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against man regarded as a mere physical being, destroys continually all his hopes, gradually changes bis aspect, from youth to manhood, from manhood to age, from age to decrepitude, and finally sends him away from this scene of ever unsuccessful conflict with the outward influences that are continually bearing upon him. beste V. 19. The waters gradually wear the stones. po-paulatim atterunt-by little and little. Hence the noun pou-pulviscorresponding to the modern geological term detritus,-that which was worn down by the waters, as was probably the case with all that now constitutes the loose soil of the earth. Isa. 40: 15The small dust of the balance.

Thou washest away the things that grow out of the dust of the earth. In this our English Version gives the common sense of ando, although it does not explain the suffix. Herder and Noyes render it -The floods over flow the dust of the earth. Rosenmüller's translation comes to the same thing. They all give an unusual sense to 7IDO, not warranted, we think, by its connection, in any other place, and besides requiring a very harsh grammatical anomaly, in a plural masculine nominative to a feminine singular verb. Such a construction can hardly be justified by an appeal to some rare usage of the Arabic. Moreover, in this idea of a sudden inundation of a flood, there is lost that feature of the comparison which appears in all the other parts, namely, of steady and irresistible power,-gradual, yet finally prevailing. May not me be the nominative? It would present something of an anomaly in respect to gender, but nothing so strange as that arising from the other view. Besides, in the compound nominative yo me, we may regard the gender of the latter noun in regimen as controlling. The sense then would simply be- The dust of the earth -or the earth with its dust-overwhelms its productions, or the vegetation which grows spontaneously out of it. It would then seem to refer to the gradual encroachment of the desert sands upon the cultivated soil, such as often had taken place, and does yet take place, in that part of the world. It would, in this way, present a very natural parallel to the first member, the former referring to the gradual encroachment of the waters, the latter to that of the desert upon the cultivated earth. And then follows most naturally the sentiment of the closing member-Thou destroyest the hope of man. Nature is ever at war with him—or, rather-Thou, through nature, art ever defeating his most lasting plans, and bringing to nought his proudest works. Horace has something of this idea, together with comparisons substantially the same, though presented in an opposite aspect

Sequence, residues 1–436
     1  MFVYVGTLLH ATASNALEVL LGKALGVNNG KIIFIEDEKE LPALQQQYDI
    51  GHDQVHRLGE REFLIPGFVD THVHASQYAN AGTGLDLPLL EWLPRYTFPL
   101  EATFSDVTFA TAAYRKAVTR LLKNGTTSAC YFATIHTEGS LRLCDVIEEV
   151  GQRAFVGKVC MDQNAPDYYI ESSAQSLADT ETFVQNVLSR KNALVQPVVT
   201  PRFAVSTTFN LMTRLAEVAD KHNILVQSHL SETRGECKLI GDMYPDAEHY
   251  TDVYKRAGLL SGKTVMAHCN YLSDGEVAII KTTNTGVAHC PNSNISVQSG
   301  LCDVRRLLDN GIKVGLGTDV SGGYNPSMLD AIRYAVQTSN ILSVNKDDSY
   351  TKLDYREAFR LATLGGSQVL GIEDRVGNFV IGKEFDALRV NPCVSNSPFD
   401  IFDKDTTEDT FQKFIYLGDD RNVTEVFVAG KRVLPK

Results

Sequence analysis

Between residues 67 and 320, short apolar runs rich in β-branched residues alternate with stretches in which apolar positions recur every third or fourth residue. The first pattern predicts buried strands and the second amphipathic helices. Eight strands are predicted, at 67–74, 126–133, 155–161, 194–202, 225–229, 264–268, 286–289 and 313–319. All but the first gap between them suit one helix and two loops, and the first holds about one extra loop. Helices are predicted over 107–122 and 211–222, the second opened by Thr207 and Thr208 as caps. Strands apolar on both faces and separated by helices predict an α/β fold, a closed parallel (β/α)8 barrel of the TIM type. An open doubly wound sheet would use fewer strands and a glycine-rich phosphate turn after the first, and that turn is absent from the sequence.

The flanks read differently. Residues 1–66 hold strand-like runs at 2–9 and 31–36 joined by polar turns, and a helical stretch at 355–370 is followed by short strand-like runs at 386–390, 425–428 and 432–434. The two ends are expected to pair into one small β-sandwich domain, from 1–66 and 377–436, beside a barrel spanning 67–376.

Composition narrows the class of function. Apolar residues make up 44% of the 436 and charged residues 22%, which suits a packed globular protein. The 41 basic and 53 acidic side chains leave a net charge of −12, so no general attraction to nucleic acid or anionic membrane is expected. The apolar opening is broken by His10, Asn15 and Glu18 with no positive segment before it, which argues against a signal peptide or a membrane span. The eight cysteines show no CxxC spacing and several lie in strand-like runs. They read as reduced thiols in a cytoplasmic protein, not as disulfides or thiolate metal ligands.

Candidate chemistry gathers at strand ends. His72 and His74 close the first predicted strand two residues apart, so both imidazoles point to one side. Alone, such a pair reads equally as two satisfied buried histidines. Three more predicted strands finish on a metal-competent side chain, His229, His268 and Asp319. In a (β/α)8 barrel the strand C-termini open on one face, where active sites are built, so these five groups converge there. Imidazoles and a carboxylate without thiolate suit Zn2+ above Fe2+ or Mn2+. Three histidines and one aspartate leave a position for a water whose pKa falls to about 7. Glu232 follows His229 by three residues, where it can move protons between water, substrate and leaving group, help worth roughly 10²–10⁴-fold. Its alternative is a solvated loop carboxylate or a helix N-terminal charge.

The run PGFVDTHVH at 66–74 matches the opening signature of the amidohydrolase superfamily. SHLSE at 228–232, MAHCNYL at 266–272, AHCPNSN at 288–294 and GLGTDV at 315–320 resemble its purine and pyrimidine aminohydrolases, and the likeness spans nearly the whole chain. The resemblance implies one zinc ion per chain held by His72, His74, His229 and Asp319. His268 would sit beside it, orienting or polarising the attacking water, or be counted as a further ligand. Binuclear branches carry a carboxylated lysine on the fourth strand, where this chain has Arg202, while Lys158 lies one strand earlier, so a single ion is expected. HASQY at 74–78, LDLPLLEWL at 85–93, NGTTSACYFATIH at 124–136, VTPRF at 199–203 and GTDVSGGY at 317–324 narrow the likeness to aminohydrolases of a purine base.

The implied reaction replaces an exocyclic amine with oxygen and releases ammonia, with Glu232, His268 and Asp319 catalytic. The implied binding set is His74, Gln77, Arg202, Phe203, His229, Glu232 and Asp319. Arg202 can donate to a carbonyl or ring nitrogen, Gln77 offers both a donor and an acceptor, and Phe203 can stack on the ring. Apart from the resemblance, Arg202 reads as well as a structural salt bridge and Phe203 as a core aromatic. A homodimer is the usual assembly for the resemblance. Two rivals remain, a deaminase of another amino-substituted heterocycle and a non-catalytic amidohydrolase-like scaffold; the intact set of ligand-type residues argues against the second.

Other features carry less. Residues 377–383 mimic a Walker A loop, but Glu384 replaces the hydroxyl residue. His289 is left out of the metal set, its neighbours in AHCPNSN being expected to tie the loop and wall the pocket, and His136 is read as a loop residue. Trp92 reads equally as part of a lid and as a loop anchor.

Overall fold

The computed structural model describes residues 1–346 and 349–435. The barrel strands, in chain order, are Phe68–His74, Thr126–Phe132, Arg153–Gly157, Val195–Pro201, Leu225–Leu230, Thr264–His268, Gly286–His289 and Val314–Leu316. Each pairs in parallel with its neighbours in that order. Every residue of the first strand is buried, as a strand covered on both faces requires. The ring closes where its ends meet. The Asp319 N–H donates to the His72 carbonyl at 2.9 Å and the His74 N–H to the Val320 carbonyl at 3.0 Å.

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Death closes the Scene.

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Debemur morti nos nostraque, sive receptus
Terra Neptunus classes aquilonibus arcet,
Regis opus: sterilisve diu poniu, aptaqıe remis
Vicinas urbes alit, et grave sentit aratrum;
Doctus iter melius; mortalia facra peribunt,'